Articles Posted in Criminal Records

As our Palm Beach and Broward County criminal defnese lawyers know, being arrested for and/or charged with a crime can take a toll on your livelihood — and the inconvenience and limitations don’t end when the hearings, fines and probationary meetings stop. You shouldn’t have to pay for a bad decision for the rest of our life, and an experienced law firm like ours can help you make sure you don’t.
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Even having a record of an arrest and/or criminal charges, which can be searched and accessed by state and non-state agencies alike, can be seriously harmful to your social life and both your academic and professional career.

There is a solution. In many cases, the State of Florida provides for an expuncation or sealing of criminal records given the fulfillment of certain requirements. Having your record expunged and/or sealed means that you can have an easier time moving ahead with your life.
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You may be familiar with a recent U.S. Supreme Court ruling holding that DNA may be collected from defendants arrested – though not yet convicted – of serious criminal offenses, mainly felonies.
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However, what you may not be aware of is that many local police agencies were already doing this – and much more – in a largely unregulated process that is governed by departments’ own rules and sometimes even involves the collection and storage of DNA by unsuspecting people who have never been arrested for a crime.

Our Fort Lauderdale criminal defense attorneys aren’t clear on exactly how many cases are prosecuted using these clandestine samples, but we see ample opportunity for a strong legal challenge in the future – in spite of the recent ruling in Maryland v. King.

Keep in mind that there are both federal and state crime labs that maintain their own DNA databases of potential suspects. Local labs tend to fly under the radar, with DNA collected sometimes with the donor’s knowledge and sometimes without it. In some cases, the DNA belongs to individuals who have been arrested or convicted in relation to serious offenses. In some cases, the DNA belongs to crime victims who have no idea their DNA has been saved for future searches.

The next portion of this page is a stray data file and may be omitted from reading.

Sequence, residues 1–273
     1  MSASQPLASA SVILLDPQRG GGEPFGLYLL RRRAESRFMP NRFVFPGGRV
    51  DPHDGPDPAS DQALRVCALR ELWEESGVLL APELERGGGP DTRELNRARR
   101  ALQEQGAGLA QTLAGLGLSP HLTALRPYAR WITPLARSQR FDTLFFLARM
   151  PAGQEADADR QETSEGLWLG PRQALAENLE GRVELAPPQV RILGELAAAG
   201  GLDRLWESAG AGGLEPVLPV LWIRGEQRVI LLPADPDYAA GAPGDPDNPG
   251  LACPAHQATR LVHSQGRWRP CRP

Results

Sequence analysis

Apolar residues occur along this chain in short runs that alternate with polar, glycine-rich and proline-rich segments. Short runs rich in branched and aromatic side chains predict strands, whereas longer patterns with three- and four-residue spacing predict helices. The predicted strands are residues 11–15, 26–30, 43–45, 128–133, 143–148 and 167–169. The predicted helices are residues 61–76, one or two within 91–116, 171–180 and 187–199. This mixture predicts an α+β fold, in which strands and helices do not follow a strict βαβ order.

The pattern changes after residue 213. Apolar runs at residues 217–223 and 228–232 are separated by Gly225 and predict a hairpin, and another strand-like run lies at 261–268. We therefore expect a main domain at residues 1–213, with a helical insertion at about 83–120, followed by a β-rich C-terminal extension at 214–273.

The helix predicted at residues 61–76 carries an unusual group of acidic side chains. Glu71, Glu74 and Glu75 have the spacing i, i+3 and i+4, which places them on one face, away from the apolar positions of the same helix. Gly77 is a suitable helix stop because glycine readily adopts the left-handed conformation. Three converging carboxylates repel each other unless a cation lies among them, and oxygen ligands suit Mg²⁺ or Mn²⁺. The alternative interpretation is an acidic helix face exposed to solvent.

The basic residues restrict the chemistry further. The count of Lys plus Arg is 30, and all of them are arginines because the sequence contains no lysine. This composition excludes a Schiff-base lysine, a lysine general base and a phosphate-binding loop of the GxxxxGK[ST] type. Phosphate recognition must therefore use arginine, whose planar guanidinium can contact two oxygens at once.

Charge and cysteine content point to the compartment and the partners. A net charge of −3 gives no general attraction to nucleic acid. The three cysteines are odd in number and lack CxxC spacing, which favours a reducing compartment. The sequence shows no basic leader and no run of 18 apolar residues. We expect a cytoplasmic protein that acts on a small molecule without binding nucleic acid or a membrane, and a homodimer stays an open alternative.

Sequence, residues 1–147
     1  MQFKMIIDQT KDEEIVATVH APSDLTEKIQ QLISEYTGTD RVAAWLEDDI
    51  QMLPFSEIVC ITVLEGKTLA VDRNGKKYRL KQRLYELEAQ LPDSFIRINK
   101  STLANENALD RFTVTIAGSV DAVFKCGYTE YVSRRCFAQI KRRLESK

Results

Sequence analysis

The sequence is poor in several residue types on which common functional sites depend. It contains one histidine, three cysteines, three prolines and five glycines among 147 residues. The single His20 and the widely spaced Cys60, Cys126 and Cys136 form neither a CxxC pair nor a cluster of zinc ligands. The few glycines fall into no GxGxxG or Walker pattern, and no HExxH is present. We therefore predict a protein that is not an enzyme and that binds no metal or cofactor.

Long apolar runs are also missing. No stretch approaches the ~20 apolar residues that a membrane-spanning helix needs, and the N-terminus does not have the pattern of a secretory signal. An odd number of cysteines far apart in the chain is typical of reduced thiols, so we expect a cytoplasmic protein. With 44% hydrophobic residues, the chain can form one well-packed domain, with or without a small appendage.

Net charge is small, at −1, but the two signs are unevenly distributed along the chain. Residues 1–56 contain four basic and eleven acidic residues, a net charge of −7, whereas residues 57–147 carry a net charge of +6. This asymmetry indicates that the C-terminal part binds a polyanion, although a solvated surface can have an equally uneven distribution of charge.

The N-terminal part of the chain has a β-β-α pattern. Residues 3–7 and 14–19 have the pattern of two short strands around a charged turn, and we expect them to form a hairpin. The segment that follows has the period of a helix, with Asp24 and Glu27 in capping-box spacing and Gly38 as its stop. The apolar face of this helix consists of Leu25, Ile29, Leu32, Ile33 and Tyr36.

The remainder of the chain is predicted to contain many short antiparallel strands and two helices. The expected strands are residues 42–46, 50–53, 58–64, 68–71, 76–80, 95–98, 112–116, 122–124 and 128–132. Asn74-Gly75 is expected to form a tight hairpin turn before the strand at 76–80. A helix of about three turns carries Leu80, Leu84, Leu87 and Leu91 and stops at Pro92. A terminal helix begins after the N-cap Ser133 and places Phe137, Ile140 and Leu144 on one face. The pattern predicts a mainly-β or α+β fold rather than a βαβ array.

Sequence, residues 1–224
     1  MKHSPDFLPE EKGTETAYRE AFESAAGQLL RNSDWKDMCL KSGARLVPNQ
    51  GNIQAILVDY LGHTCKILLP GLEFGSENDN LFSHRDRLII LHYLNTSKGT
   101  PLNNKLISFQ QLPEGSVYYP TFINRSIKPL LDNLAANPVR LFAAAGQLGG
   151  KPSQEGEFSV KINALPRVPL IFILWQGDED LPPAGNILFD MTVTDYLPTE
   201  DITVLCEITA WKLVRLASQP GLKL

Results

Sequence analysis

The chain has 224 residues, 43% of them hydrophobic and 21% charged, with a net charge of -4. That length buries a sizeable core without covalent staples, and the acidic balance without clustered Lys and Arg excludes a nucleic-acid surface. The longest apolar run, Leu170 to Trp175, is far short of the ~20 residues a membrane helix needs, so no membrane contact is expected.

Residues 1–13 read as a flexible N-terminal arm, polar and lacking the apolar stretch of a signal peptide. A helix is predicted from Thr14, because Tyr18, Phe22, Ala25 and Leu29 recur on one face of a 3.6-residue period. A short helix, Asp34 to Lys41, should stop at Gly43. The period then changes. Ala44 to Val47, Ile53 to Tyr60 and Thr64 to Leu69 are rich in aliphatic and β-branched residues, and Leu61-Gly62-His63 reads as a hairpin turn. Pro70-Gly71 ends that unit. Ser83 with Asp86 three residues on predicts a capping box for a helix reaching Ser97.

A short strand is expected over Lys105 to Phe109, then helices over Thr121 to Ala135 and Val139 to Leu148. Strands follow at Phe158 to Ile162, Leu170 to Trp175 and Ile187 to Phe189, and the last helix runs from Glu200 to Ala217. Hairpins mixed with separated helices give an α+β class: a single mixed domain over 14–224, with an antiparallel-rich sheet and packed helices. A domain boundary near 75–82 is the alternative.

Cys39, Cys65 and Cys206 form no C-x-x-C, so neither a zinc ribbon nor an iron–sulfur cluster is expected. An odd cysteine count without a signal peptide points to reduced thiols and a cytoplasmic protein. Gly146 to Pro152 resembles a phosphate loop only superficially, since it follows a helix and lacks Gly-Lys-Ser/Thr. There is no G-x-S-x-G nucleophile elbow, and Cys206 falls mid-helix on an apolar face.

To give you an idea of the scope of this issue, we know that New York City has its own database of some 11,000 criminal suspects. Orange County, California has a amassed about 90,000 profiles – most of those from defendants who committed misdemeanor crimes and agreed to submit to a DNA sample in exchange for lesser charges or for having those charges dropped.

In Central Florida, we don’t have an exact count, but we do know that law enforcement agencies have pooled their resources to create a regional database. What that means is that these agencies may not be relying upon only state and federal databases, which are run according to stricter standards.

Police chiefs give various reasons for compiling their own databases. Some of them gripe that it takes too long for the state to test evidence and submit DNA profiles into the larger database. Other police leaders say they don’t want to have to wait until someone is arrested or convicted before gathering their DNA so they can nab them on lower-level offenses. Police say the samples kept in state and local databases belong to people already going to prison – not those with whom they are dealing day in and day out.

The concern is that unregulated databases may violate privacy and Fourth Amendment rights, even if they are used to successfully solve a crime. For someone accused of a crime on the basis of such evidence, an argument might be made on the basis of the fruit of the poisonous tree doctrine. That is, if police had no right to collect that sample in the first place, any evidence that came about subsequently would become inadmissible in court.